Fishtastic Museum Theme

Fishtastic Museum Theme

My last lunch was at Soulard‘s Coffee Garden in one of the old French neighborhoods where they hold Mardi Gras every year. I got the Veggie Bennie and must admit that it was a decadent vegetarian version of the classic eggs Benedict. The Highlander Grog was a hazelnut infused coffee that attempted to be Scottish and failed miserably. The Scottish drink espressos, not Americanos.

If someone asked me if I like St. Louis, my answer would be a resounding “No.” This family-friendly area is neither big nor beautiful, and outside of Washington Street, the environment is shockingly suburban. But if you like small-town charm, less crowds, and Midwestern openness, then this is the place for you. Oh, and the Budweiser brewery calls St. Louis home.

Paris : La Bohème Expo at Le Grand Palais


Wikipedia: Bohemianism is the practice of an unconventional lifestyle, often in the company of like-minded people, with few permanent ties, involving musical, artistic, or literary pursuits. In this context, Bohemians may be wanderers, adventurers, or vagabonds

“Je sais quand je suis né, mais pas pourquoi…” – Proverbe Rom

Walking through the archways of Le Grand Palais is sort of creepy. Nobody expects to find themselves in a damp wooded labrynth with gilded paintings and burgundy tapestries. La Bohème Expo in the Grand Palais gallery is coordinated to match the Bohemian lifestyle, which is to constantly be living in tune with nature, and to always be on the move.


Artists started recreating Bohemia right around the plague— in other words, the mid-15th century. The paintings featured a chaste virgin/tempting gypsy dichotomy. Gypsies, or Roms, had been around in Europe for centuries before art made them famous, though. Their traveling lifestyle formed the foundation of the philosophy based on living off of the good intentions or naiveté of others. Roms found their way to Western Europe through Bohemia, or what is now called the Czech Republic.
The Bohemian

“La Bohèmienne” – Pierre Auguste Renoir
PHOTO: Gilles Nèret

The exhibition begins with plaques written in French and English, explaining the history of Roms in Central and Western Europe. The first statue is a marble bust of a chaste Bohemian woman. The following paintings show gypsies and women who wore their hair down and curly (gasp), defying social norms and rendering them rebels of the times. Renoir’s “La Bohèmienne” has a girl with long wavy hair and a worried look on her face, probably due to the auspicious bulge in her stomach. Audio guides go into further detail about the alleged inspiration behind each painting.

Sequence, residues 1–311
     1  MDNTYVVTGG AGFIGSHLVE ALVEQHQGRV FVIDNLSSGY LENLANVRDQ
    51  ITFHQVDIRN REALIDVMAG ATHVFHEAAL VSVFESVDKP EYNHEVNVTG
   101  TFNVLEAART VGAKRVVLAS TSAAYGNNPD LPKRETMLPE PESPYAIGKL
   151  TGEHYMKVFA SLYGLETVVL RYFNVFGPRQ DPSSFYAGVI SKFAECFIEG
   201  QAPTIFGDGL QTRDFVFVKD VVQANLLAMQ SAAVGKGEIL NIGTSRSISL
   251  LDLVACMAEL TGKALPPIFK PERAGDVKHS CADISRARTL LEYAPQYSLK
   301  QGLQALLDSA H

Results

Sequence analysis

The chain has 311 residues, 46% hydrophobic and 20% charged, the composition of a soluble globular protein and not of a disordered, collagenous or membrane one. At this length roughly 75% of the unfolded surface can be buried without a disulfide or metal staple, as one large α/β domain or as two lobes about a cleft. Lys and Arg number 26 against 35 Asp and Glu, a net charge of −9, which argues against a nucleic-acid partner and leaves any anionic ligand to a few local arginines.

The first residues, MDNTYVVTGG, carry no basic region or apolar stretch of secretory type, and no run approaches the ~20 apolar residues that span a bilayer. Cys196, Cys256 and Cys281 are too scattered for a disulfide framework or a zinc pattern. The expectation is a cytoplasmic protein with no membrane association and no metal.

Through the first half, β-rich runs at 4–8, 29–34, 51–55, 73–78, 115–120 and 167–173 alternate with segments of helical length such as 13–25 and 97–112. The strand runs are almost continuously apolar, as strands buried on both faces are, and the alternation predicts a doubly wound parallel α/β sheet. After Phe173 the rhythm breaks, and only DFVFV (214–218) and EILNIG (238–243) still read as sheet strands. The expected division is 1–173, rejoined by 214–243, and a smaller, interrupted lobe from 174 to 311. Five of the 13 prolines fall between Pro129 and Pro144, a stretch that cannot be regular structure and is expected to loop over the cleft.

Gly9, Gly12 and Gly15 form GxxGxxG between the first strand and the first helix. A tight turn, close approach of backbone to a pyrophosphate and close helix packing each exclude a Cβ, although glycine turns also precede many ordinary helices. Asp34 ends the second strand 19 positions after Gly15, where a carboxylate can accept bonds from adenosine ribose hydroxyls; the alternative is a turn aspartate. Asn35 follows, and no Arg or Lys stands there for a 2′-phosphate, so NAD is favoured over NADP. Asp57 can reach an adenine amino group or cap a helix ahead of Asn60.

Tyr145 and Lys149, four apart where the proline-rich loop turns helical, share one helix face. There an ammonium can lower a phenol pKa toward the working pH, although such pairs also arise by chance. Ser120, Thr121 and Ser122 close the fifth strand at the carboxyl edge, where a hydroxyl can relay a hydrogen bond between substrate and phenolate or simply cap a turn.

Van Gogh

“A Pair of Shoes” – Vincent Van Gogh
PHOTO: Leslie Parke

Vincent Van Gogh’s painting resonates with the traveling spirit of Bohemianism. It’s not about the quality of the shoes, it’s about where the person wearing them has been and what they’ve experienced.
“Qui voyage beaucoup, apprend beaucoup…” – Proverbe Rom
At one point or another, every Bohemian gets the travel bug. But this is a specific kind of wanderlust, the kind that makes people crave crépes and hot wine. The Montmartre neighborhood in Paris has aging cafes and cabarets that draw artists like flies to honey. Le Chat Noir is the family crest for people that used to thrive in these social boxes, whether it was to philosophize, commiserate, or participate in some harmless debauchery. The painter, Théophile Alexandre Steinlen, was born on the hill in Montmartre.

“Le Chat Noir” – Theophile Alexandre Steinlen

Glorified by counter-culturists to this day, the Bohemian era is still not over. Each decade, the creative milieu reinvents it to incarnate the sentiment of the times. The beatniks, the hippies, the squatters, and the ravers of today all have one thing in common: a reverence for all things Bohème.
A bunch of people at the exhibit were dressed up like the museum was a themed party. No one else got that memo. I guess the freedom of La vie Bohème is too attractive to pass up.

Survival Cannibalism: Rugby Gone Wrong ?


Toothpaste for dessert ? Sounds questionable. For the survivors of el Milagro de los Andes (the miracle of the Andes), Aquafresh was a rationed delicacy. On October 13, 1972, a chartered aircraft was on its way from Montevideo, Uruguay to Santiago, Chile for a rugby match. Tensions were running high as the players anticipated beating their long-time rivals, who had an outstanding record in their league. But all of these fears got pushed aside when the plane crashed in the Andes mountains, killing 29 passengers and the pilot. Of the remaining 25 people, 16 people survived by rationing the meager supply of chocolate bars, biscuits, and other snacks scattered among the wreckage. Every time someone died, the crew would do the unspeakable–skin them and roast their flesh for sustenance. When life is reduced to primitive instincts, these are the kinds of decisions people have to make.

Cannibalism has been around for centuries, but that doesn’t change the fact that people tend to avoid talking about it. For regular carnivores, meat, fish, and poultry seem to suffice. Why would someone even think about consuming a fellow human being ? As a species, we are not genetically inclined to eat each other. We need to multiply, and we have the tools to kill other animals. So why is it that some people choose to partake in this obscure ritual ?

     The Korowai tribe of Papua New Guinea has been eating people for years. Not just any humans, though. They claim to only eat khakua (men they consider to be evil witches). The tribe lives in tree-houses up to 45 meters high about 100 miles inland from the Arafura Sea in a country that already has a low-density population, putting them out of reach of any “civilized” metropolis. Dutch missionaries lived among the Korowai between 1978 and 1990, observing their behavior in detail. For Westerners, their accounts are gruesome. According to cultural relativism, each society has its own moral codes and social norms. These tree-house dwellers have clashed with police for eating their own people, but the practice continues, though on a more clandestine level.

A Korowai man stands in front of a traditional treehouse in West Papua. PHOTO: MARKUS FLEUTE